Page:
Financial advisers should focus on changing the behaviour of clients and delivering advice as retirees are not spending their retirement income, according to a whitepaper.
Speaking at a media briefing, MYMAVINS consulting partner, Jason Andriessen said despite people not intending to bequest large amounts of their superannuation they were not spending it either as they did not know how much to spend.
Andriessen said many retirees used the government’s account-based pension minimum level as their guide.
“Most of the value that we add in the short-term is helping a client feel more confident to spend, understanding what they control and what they can't control, and having a plan B so that they feel more resilient. We are I think we as an industry as standing in the way of that,” he said.
“Financial advisers should focus more on changing the behaviour of their clients and delivering advice is my observation.
“Delivering a statement of advice, and I get that that's the legal requirement, with 20-point action plans is not helpful. It's creating learned helplessness and not empowering at all. If we can get to a stage where we're changing behaviour one at a time, I think that's the key.”
He said changing behaviours started with redefining what a good financial decision was and if client satisfaction surveys were repurposed it could measure how confident and in control retirees felt and that would drive different outcomes.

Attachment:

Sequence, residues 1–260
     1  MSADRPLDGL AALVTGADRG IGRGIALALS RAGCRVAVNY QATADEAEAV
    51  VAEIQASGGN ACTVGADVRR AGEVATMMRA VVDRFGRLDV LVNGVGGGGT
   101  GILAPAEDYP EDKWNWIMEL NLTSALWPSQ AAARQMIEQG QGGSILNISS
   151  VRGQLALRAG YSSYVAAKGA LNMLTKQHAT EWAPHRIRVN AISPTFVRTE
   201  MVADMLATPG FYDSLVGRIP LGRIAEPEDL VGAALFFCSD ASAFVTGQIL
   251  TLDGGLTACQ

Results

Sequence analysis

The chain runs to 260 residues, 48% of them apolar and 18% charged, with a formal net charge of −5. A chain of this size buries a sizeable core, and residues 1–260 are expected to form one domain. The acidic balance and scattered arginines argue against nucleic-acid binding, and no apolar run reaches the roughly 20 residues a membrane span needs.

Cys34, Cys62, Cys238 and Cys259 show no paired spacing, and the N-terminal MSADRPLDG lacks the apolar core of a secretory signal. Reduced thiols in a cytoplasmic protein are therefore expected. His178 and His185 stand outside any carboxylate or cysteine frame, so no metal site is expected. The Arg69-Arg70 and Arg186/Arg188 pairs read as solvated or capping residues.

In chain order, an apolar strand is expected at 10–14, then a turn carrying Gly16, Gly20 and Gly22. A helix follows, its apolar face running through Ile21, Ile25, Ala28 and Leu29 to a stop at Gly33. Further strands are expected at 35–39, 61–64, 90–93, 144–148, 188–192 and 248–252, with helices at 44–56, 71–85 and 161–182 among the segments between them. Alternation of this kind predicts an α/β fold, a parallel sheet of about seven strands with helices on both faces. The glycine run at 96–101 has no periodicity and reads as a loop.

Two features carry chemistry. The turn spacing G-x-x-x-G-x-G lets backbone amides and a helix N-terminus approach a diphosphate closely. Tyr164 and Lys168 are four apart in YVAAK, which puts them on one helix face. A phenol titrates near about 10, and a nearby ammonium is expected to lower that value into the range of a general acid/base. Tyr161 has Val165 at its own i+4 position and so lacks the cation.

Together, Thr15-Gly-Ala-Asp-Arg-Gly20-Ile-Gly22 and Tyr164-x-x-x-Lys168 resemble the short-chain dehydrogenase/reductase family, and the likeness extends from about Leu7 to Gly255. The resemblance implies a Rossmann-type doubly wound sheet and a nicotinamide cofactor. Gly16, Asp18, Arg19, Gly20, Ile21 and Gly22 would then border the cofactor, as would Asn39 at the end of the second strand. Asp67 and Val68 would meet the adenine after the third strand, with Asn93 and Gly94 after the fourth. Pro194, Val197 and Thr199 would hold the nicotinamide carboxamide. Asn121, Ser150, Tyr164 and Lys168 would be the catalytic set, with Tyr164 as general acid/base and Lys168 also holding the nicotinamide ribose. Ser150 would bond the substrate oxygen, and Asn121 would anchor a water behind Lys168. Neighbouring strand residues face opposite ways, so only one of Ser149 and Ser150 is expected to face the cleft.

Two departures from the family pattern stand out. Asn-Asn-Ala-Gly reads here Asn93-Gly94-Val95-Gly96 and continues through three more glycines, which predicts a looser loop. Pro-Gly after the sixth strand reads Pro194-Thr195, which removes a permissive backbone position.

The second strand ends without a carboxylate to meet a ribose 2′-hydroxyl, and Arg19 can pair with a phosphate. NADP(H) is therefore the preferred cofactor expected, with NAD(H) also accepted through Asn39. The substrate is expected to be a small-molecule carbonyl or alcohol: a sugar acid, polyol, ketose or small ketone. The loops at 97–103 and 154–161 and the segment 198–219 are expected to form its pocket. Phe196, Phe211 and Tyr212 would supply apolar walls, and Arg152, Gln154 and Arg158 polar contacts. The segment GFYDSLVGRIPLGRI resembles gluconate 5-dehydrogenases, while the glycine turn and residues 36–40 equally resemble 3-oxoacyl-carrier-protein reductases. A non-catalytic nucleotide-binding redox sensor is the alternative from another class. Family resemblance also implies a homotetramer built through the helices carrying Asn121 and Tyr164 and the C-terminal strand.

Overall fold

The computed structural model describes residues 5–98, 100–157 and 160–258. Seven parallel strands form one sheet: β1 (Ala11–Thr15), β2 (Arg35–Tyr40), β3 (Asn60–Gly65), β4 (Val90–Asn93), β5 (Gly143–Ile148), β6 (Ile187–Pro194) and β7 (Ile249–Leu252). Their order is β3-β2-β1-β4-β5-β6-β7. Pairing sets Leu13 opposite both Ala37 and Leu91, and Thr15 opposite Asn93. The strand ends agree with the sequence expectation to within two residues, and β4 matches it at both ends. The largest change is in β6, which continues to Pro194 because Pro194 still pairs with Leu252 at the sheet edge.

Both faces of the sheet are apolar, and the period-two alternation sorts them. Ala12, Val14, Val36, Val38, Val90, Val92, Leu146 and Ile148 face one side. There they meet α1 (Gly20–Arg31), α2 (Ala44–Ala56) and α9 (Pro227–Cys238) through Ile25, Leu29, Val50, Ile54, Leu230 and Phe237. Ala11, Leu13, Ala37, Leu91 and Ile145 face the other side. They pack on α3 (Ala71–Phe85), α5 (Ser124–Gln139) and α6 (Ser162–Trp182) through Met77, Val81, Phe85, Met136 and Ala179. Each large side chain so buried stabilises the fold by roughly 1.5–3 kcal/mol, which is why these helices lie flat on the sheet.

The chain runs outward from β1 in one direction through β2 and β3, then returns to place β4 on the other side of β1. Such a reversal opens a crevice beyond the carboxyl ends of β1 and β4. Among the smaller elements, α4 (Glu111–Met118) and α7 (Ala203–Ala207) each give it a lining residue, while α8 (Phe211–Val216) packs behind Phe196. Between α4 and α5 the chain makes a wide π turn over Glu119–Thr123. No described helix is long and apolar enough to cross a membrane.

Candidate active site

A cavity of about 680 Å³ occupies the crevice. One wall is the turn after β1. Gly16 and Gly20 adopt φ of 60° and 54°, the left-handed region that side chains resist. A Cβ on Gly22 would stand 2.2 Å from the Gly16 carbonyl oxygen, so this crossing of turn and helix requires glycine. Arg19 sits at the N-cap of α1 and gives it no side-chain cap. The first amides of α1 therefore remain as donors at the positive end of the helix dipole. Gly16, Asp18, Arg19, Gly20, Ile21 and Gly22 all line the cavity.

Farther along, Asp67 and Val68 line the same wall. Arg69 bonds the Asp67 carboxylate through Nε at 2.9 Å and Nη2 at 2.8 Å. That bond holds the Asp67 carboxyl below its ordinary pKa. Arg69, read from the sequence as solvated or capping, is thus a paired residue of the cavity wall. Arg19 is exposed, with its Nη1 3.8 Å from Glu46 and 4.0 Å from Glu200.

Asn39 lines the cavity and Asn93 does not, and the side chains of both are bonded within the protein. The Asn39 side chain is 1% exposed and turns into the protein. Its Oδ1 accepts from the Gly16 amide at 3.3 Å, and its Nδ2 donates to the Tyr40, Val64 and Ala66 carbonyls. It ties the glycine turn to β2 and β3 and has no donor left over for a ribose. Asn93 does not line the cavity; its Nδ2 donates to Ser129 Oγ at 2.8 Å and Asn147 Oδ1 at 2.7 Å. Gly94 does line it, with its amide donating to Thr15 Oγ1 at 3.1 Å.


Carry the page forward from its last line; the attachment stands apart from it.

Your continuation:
Andriessen said MYMAVIN’s ’Retirement: The now and the then’ whitepaper commissioned by Fidelity found it was pre-retirees that worried about running out of money.
“Retirees realise that they can be flexible and they understand the difference between their needs and wants and they're willing to give up on their wants if things go off track. What they're particularly worried about is growing old with dignity and ageing well,” he said.
The whitepaper said to build client capability, financial advisers could make their strategy development more transparent and including the client in their deliberations.
“When the client co-creates their financial plan they feel more empowered because they better understand the considerations and trade-offs,” it said.
“The implementation of the strategy could be staged over time to embed behaviour change. When we change our behaviour and see the benefits we feel successful, which builds our confidence and improves our emotional experience.”
For instilling spending confidence the white paper said a helpful framework for contingency planning was needed to anchor clients’ consumption needs rather than their savings balance or investment capital.
“Ultimately, pre-retirees and retirees are seeking confidence to spend. If they’re comfortable that they can spend today and still be responsible for the future, they’re happier,” it said.